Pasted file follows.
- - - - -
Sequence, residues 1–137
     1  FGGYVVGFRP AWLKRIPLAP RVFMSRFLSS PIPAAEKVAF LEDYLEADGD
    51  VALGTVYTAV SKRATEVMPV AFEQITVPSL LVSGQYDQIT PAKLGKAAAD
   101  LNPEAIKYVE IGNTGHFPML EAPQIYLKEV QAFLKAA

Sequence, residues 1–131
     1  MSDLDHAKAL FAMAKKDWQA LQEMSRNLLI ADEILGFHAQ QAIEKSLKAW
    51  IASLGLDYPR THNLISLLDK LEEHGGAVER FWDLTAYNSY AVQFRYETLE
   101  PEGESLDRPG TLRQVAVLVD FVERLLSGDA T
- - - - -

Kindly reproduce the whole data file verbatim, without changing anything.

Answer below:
Sequence, residues 1–137
     1  FGGYVVGFRP AWLKRIPLAP RVFMSRFLSS PIPAAEKVAF LEDYLEADGD
    51  VALGTVYTAV SKRATEVMPV AFEQITVPSL LVSGQYDQIT PAKLGKAAAD
   101  LNPEAIKYVE IGNTGHFPML EAPQIYLKEV QAFLKAA

Sequence, residues 1–131
     1  MSDLDHAKAL FAMAKKDWQA LQEMSRNLLI ADEILGFHAQ QAIEKSLKAW
    51  IASLGLDYPR THNLISLLDK LEEHGGAVER FWDLTAYNSY AVQFRYETLE
   101  PEGESLDRPG TLRQVAVLVD FVERLLSGDA T